American Birth Rates Increase After Reaching Historic Low in 2020

The U.S. birth rate has been below population replacement levels since 2007

Americans had more children last year, marking a significant change in population growth for the first time in almost a decade.

After seven years of decline, the national birth rate reached a historic low in 2020 – just 3.8%. The rate marked the lowest national birth rate since 1979.

According to new data released by the National Center for Health Statistics, there were 3,659,289 births in 2021 which equated to a 1% increase in the birth rate from 2020. The agency also noted in its analysis that 2021 was the first year the birth rate increased since 2014.

Additionally, the teenage birthrate, the number of women between the ages of 15-19 who have a child, declined by 6% last year to 14.4 for every 1,000 women. 

“Birth rates declined for women in age groups 15–24, rose for women in age groups 25–49,” reported the agency, which is a part of the Center for Disease Control and Prevention.

Additionally, the birth rate climbed for women ages 25-29 (2%), ages 30-34 (3%), 35-39 (5%), and 40-44 (3%).

America’s birth rate began to decline by an average of 2% every year beginning in 2014. The low birth rate was classified as “below replacement” levels, which mean Americans were not having enough children to maintain stable population levels.

When the fertility rate falls below replacement level, the population grows older and shrinks, which can slow economic growth and strain government budgets,” reported FiveThirtyEight in June of 2020. “Today’s babies are tomorrow’s workers and taxpayers: They’ll not only staff the hospitals and nursing homes we’ll use in old age but also sustain the economy by funding our pensions when we retire, paying the taxes that finance Social Security, Medicare, and many other government programs we’ll rely on, and buying the homes and stocks we invested in to build our savings.”

Since 2007, the U.S. birth rate has consistently been below population replacement levels.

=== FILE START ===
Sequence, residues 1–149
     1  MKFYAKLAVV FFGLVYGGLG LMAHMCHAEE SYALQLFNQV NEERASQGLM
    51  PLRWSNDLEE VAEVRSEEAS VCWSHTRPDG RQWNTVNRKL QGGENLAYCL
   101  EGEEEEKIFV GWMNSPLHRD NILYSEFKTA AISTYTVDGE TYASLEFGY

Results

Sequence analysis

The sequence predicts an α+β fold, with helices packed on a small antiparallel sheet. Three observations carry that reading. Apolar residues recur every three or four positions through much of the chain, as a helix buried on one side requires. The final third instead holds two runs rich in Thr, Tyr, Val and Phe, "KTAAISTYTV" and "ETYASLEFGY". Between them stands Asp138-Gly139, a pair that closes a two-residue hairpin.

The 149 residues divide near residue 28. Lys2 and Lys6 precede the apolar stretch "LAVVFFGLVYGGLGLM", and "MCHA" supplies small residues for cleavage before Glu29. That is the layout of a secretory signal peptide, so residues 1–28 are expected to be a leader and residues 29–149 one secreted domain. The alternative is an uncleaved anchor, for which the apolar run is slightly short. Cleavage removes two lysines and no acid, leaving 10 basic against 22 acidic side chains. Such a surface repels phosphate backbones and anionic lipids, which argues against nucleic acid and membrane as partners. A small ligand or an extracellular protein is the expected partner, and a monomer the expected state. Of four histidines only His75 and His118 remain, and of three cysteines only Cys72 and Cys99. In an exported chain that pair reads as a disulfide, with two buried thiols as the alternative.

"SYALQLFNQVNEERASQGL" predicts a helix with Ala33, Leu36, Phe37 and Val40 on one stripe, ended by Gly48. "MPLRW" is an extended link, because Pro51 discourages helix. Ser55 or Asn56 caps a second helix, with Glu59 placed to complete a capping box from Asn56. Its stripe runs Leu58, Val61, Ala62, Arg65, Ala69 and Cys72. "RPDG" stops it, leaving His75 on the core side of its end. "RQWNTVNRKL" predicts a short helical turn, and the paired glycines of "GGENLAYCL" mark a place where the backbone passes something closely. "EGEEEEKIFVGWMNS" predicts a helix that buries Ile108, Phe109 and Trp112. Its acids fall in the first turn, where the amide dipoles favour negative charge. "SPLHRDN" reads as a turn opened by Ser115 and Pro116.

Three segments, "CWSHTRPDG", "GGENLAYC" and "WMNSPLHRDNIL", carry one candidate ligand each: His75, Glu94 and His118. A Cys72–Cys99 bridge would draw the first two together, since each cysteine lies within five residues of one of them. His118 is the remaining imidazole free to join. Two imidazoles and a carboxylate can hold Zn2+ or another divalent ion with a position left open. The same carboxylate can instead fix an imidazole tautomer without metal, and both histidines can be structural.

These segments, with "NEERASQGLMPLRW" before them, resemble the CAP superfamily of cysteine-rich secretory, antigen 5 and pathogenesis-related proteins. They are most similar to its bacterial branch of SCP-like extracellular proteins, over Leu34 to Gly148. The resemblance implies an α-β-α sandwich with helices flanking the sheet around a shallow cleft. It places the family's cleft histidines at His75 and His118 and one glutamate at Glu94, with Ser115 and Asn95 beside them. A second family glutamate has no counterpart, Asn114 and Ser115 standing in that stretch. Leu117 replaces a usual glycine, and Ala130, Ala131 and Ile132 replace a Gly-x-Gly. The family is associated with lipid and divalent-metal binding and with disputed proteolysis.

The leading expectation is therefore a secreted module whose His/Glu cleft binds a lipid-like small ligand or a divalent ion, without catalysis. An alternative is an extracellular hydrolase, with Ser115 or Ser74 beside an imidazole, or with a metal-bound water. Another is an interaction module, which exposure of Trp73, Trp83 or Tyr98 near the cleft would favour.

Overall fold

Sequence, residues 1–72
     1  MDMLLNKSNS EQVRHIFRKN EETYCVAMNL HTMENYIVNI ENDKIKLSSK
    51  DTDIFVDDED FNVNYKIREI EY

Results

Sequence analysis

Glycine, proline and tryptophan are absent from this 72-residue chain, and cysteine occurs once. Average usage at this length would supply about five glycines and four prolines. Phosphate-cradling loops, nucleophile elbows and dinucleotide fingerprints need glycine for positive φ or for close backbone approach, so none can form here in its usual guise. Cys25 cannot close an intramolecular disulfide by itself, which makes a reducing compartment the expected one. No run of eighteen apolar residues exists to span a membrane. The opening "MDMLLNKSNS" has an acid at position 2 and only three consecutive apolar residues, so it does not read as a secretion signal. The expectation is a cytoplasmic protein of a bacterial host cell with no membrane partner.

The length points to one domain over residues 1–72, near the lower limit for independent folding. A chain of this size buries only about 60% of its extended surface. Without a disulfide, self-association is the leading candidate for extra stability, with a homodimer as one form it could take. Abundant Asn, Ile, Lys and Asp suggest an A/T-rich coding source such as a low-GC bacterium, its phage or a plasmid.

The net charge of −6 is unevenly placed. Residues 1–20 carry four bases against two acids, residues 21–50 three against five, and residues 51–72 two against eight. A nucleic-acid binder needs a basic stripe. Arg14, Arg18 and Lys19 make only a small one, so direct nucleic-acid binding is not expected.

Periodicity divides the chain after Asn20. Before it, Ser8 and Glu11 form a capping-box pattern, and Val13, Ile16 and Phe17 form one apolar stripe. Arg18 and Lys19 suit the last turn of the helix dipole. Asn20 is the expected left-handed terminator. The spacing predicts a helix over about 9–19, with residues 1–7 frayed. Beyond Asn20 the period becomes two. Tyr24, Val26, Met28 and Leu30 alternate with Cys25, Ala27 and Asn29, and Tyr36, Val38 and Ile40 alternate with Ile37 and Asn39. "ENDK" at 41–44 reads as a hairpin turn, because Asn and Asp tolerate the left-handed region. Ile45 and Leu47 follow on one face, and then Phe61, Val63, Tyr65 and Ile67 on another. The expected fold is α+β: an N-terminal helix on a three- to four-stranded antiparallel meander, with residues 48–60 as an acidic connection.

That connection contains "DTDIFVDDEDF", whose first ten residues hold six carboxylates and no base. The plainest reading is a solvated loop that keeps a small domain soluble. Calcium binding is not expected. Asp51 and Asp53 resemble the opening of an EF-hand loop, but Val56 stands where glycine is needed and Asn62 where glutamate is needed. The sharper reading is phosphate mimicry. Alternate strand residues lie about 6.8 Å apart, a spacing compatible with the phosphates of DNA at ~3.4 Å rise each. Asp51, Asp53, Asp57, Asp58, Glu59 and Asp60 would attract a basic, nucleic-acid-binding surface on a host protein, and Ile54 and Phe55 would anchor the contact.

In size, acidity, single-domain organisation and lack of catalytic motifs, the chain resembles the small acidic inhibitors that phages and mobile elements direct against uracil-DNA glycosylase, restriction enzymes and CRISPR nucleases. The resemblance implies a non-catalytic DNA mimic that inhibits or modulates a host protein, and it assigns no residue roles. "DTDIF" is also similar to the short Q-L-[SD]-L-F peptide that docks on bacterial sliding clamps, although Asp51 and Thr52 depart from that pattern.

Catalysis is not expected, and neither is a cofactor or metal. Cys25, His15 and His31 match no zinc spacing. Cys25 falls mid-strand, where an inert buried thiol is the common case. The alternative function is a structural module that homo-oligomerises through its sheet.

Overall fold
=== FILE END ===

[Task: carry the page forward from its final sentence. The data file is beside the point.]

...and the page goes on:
That year marked the onset of the 2007-2008 financial crisis with the collapse of the housing market which, in turn, damaged financial institutions and caused a major recession. Similar to the mass lay-off and business closures in the wake of COVID-19 isolation regulations, the economic uncertainty caused some Americans to delay or forgo having children.

The country’s population growth has never recovered from this period and birth rates ultimately declined by a total of 28% over the subsequent 14 years. 

The onset of the COVID-19 pandemic caused many people to delay having children – further driving down the already declining birth rate. The birth rate fell by 4% in the one-year period between 2019 and 2020 alone. 

America was not the only developed country to see fewer children born as a result of the pandemic.

“Poland recorded 355,000 births in 2020, about 20,000 fewer than in 2019 (a 5.3% decline) and the lowest total since 2003, while Italy saw a decline of more than 10% in December,” reports ABC News.

In 2020, the average birth rate in Europe was 1.59. European countries with below replacement level birth rates have tried to incentivize citizens to have more children.

Italy offered couples an €800 payment per birth but had little success. Russia offered first-time mothers maternity benefits previously only given to women with two or more children as well as tax breaks for bigger families. Hungary introduced a new law in 2019 that promised families with four or more children would not pay income tax and created 21,000 new openings at childcare centers. Prime Minister Viktor Orban also said grandparents could be eligible for childcare payments if they took care of children for parents.

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